For Inez Tenenbaum, who President Obama appointed as the new chairman of the Consumer Product Safety Commission, dealing with toy manufacturing in Asia is a long way from her native South Carolina -- where she spent most of her career as a lawyer, politician and education official. But that's where she is today, in Hong Kong, at the start of a two-week trip that will also take her to Singapore and Vietnam.
It's a chance to define her new role as the top cop for product safety and a full immersion into an arena that has been littered with recalls in recent years for rampant violations of rules limiting how much lead could be in children's products, from huge mainstream sellers like Dora the Explorer bath toys to dollar store trinkets. As much as Tenenbaum is there to learn and to introduce herself, she's also there to firmly convey the message that as of Aug. 14, U.S. laws will have such tight limits on phthalates and lead that there's not much point in manufacturing with them any longer.
Tenenbaum has a chance to set a tone for product safety none of her predecessors could. In addition to the lower limits on lead and phthlalates, the penalties for breaking safety rules of all sorts will be far harsher -- escalating from a maximum of less than $2 million to up to $15 million. This is her debut on the world stage, where her folksy way of speaking in a distinctive Southern drawl will likely make her message easier to listen to, while instilling a degree of intimidation at the same time.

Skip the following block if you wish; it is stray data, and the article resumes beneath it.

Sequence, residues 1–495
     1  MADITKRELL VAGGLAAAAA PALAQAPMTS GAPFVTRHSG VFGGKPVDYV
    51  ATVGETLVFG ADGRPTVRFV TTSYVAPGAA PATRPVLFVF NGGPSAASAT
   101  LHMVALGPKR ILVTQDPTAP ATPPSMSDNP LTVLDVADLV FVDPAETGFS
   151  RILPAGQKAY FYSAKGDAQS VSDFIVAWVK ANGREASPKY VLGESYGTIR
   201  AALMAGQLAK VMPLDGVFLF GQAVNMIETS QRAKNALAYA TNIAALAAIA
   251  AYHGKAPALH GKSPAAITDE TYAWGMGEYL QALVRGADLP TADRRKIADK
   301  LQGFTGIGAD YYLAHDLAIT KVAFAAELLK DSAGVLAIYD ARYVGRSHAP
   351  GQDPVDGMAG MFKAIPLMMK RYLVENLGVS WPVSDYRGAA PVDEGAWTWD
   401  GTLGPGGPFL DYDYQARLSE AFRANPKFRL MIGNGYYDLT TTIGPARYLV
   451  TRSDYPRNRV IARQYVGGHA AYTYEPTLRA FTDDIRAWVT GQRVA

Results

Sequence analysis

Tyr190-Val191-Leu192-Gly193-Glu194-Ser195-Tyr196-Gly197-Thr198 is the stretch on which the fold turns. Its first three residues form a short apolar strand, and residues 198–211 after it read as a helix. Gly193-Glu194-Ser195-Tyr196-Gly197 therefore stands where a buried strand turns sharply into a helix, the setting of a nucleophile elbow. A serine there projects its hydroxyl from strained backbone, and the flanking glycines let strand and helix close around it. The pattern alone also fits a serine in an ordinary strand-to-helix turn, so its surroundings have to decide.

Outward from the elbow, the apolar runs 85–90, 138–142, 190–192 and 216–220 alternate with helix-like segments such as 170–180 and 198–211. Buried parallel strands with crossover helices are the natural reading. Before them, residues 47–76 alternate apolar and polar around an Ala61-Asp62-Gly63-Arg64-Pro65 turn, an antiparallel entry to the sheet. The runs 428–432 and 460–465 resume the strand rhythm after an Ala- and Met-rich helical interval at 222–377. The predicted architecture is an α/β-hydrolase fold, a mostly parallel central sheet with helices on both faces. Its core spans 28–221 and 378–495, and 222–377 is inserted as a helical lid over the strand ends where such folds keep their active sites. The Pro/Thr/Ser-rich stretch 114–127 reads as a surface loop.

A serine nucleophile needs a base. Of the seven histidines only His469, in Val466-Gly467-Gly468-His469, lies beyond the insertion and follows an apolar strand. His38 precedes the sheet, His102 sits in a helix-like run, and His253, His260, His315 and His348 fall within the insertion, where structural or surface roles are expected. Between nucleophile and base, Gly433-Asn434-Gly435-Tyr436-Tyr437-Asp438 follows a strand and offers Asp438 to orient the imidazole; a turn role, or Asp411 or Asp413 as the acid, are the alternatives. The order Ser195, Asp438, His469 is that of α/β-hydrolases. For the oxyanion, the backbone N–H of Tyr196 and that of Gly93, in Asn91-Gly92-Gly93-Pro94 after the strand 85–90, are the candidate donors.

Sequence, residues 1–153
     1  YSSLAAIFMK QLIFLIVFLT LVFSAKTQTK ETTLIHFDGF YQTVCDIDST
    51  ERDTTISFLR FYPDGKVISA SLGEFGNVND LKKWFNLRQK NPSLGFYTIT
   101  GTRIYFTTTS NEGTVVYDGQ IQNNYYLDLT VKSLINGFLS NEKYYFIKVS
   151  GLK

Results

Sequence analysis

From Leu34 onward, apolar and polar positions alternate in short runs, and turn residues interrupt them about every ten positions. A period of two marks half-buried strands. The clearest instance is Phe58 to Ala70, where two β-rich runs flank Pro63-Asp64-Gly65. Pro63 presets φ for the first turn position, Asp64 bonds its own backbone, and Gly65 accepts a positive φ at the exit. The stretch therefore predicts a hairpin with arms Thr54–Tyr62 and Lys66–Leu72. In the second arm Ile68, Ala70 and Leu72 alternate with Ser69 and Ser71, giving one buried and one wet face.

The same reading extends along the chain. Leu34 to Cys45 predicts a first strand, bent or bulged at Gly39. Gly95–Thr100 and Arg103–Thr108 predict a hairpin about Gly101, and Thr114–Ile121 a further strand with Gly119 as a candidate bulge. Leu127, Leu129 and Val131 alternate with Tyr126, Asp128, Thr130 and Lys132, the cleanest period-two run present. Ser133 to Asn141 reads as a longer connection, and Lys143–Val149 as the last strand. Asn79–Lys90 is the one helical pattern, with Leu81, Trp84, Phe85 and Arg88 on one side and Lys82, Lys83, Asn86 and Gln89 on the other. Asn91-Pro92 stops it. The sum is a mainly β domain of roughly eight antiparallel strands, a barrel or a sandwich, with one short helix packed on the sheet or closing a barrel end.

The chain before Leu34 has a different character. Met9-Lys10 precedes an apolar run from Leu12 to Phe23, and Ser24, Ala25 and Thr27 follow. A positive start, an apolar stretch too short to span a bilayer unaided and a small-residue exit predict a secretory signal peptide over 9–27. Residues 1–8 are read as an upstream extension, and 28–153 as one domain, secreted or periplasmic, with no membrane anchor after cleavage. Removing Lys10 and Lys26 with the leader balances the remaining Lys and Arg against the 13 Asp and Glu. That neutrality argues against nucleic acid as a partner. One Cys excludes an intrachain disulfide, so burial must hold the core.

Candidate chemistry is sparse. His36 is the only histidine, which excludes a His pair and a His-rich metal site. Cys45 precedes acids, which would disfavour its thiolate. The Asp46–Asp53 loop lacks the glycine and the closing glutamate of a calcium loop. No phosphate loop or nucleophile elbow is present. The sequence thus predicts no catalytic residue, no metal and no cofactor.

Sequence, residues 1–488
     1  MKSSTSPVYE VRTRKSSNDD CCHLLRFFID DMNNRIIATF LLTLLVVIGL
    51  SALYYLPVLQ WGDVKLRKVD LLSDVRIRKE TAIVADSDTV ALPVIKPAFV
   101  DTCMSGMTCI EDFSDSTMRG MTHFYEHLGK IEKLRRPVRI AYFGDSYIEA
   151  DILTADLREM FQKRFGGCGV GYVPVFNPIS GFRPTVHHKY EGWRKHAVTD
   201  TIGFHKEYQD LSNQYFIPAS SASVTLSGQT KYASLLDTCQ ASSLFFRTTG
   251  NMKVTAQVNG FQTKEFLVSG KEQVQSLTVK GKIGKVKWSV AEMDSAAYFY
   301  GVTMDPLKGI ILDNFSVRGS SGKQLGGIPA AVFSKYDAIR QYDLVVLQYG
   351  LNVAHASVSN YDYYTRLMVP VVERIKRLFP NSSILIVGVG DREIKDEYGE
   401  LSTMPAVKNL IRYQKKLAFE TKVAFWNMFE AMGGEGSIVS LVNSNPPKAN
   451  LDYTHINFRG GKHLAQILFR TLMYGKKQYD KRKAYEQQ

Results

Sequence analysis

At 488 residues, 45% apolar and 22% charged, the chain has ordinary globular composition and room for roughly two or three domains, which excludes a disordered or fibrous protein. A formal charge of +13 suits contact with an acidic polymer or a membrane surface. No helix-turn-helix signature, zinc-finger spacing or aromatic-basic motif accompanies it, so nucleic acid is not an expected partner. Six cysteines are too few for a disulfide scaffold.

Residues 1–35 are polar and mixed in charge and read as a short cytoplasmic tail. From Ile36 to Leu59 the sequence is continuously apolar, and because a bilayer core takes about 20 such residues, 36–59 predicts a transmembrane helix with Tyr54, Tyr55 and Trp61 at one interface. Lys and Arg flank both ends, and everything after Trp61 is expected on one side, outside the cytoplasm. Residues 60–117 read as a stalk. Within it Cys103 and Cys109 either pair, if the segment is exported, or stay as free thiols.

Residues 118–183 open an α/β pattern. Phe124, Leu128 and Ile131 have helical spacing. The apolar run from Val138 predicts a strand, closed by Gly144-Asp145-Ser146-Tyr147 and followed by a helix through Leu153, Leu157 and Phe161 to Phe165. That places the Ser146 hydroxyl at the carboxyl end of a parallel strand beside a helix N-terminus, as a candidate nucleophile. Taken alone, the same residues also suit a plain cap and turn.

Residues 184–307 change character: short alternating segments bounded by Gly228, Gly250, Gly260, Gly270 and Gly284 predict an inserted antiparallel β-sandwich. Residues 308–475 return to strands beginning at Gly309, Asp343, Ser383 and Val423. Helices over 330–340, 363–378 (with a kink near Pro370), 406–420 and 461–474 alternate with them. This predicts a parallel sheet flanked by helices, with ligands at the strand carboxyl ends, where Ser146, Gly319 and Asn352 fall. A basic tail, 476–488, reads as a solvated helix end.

She'll meet with Chinese customs inspectors about better monitoring products that are being shipped to the U.S., with Vietnamese officials about that country's growing role as an exporter of toys and clothing, and to representatives of the toy industry gathering at an Asia-Pacific Economic Cooperation conference in Singapore.
The U.S. government and the Toy Industry Association are paying for the event, which also has the support of the governments of Chile, China, Chinese Taipei, Japan, Malaysia, and Vietnam
A more direct dialog with the Chinese is planned for October. But already there are signs of hope, CPSC spokesman Scott Wolfson said. The number of toy recalls is on the decline, he said, a welcome drop after two years filled with recalls due to lead content and serious injuries and deaths from toys with tiny magnets that came loose. "We are seeing good progress," he said.
Lead, which has been linked to brain damage in children, has been used in painting toys as well as in the manufacture of the toys themselves. Given the safer alternatives, Wolfson said the message to the manufacturers is clear and simple: "Get the lead out."
The bottom line, Wolfson said, is Tenenbaum wants to let toy and government officials know the rules and be clear that they will have to play by them.
Wolfson said she also wants to let government and industry officials know that her tenure will not be one of surprises, but rather a candid, open process.